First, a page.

Out of the Great Hodgepodge of Your Life – by Frederick Buechner

The word fiction comes from a Latin verb meaning “to shape, fashion, feign.” That is what fiction does, and in many ways it is what faith does too You fashion your story, as you fashion your faith, out of the great hodgepodge of your life-the things that have happened to you and the things you have dreamed of happening. They are the raw material of both. Then, if you’re a writer like me, you try less to impose a shape on the hodgepodge than to see what shape emerges from it, is hidden in it. You try to sense what direction it is moving in. You listen to it. You avoid forcing your characters to march too steadily to the drumbeat of your artistic purpose, but leave them some measure of real freedom to be themselves. If minor characters show signs of becoming major characters, you at least give them a shot at it because in the world of fiction it may take many pages before you find out who the major characters really are just as in the real world it may take you many years to find out that the stranger you talked to for half an hour once in a railway station may have done more to point you to where your true homeland lies than your closest friend or your psychiatrist.

– from Secrets in the Dark

The Three Hats

On a shelf in the little room where I write, there are three hats.


The first one is a black beret. If you could see me walking through the neighborhood wearing my beret and carrying my sketchbook, with my beard and my sunglasses and my sandals, you would say to yourself, “Now, there goes an artist if ever there was one.” “And a right stylish artist at that,” some might say. I hope someone might say that.


The second hat is a sun-faded, well-loved, and well-worn New York Yankees baseball cap, my gamer from the last year the Yankees won the World Series. Gamer is the proper name for the new hat you buy at the beginning of the season. You wear it the first time you watch your team play in the new season, or the first time you listen to the team’s game on the radio, and always when you are going to bump into a Red Sox fan and you want to make a point.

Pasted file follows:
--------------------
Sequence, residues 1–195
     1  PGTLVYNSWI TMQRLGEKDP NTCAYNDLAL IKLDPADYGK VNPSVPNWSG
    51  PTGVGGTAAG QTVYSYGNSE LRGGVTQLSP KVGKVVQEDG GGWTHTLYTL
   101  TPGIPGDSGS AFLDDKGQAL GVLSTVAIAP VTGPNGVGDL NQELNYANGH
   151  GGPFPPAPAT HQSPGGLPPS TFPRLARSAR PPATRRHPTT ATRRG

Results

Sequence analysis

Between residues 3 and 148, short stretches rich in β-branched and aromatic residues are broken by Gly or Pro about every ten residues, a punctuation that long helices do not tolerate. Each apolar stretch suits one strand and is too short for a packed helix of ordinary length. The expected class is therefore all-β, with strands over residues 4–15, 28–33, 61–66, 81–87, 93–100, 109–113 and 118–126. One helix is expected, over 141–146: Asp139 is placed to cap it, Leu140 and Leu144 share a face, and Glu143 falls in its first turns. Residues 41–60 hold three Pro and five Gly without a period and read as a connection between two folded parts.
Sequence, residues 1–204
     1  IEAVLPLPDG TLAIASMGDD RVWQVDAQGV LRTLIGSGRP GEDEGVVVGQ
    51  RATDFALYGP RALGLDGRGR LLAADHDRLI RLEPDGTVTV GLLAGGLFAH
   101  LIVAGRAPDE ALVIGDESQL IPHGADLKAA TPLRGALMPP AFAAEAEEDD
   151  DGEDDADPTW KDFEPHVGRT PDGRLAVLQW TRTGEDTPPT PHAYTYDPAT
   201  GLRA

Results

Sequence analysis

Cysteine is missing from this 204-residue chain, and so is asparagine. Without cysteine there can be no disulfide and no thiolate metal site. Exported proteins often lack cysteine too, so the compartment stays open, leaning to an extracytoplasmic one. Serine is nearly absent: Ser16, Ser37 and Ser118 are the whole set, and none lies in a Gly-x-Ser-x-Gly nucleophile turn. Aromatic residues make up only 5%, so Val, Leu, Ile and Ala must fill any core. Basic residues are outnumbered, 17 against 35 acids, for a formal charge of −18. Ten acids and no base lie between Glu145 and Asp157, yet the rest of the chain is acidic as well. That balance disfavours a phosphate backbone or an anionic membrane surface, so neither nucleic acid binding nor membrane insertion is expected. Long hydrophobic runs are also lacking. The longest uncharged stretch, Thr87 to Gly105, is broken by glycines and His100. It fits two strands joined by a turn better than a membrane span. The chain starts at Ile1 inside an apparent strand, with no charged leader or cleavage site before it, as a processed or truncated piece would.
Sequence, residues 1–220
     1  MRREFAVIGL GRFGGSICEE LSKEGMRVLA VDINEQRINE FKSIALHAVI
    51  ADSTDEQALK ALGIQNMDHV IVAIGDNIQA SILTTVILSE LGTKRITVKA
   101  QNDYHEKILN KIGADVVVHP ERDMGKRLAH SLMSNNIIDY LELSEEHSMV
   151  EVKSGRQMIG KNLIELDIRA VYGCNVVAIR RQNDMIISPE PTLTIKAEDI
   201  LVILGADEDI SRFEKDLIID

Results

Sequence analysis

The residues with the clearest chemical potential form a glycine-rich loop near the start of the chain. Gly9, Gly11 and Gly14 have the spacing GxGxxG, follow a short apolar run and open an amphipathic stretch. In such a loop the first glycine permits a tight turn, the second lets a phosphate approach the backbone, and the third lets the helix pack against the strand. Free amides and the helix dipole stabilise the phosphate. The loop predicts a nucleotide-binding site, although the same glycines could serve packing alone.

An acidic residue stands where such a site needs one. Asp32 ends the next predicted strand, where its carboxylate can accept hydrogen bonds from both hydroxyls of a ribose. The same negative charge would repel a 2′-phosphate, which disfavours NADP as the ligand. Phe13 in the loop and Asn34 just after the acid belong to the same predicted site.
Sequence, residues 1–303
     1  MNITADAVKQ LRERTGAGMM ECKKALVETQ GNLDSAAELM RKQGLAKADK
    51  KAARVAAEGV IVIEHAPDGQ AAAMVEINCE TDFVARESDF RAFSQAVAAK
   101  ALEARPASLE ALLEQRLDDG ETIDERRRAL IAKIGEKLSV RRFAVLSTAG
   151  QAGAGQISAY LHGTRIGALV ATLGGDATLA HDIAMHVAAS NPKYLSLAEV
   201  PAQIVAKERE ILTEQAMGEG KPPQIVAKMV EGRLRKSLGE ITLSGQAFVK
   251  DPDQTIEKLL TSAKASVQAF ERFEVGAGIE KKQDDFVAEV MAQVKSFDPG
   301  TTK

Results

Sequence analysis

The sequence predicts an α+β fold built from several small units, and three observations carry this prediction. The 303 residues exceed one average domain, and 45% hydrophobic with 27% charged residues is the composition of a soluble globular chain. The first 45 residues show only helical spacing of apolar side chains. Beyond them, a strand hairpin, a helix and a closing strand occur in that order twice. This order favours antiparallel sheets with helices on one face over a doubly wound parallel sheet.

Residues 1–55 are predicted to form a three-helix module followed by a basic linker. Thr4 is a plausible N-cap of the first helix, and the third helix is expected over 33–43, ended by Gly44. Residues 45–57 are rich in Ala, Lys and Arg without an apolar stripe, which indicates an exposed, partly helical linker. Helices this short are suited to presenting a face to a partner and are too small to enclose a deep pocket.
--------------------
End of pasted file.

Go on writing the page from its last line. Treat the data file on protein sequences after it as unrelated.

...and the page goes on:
The third hat is a brown fedora. When worn at the correct rakish, Indiana Jones angle, it makes a writer feel like a million bucks. The fedora suggests that I, the man underneath, am a man to be reckoned with, a man of action and decisiveness and clarity. [I revised the previous sentence, because the proofreader pointed out a grammatical problem with the original. Ok?] A man who can make the tough calls and will do so gladly.


One of the tricks to making a book is to know which hat you are wearing while you are working on the different tasks required to make your book come to life.


– Robert Benson “Dancing on the Head of a Pen”

Will It Move?

There is a terrific exchange between the great editor Maxwell Perkins – who edited F. Scott Fitzgerald and Ernest Hemingway, among others – and one of his authors. The author was complaining that one of this books wasn’t getting enough advertising support from the publisher.  Perkins reply – over eighty years old – is still critically relevant to every type of creative. Comparing advertising a product to a man attempting to move a car, Perkins wrote:


“If he can get it to move, the more he pushes the faster it will move and the more easily. But if he can’t get it to move, he can push till he drops dead and it will stand still.”


– Ryan Holiday – “Perennial Seller”

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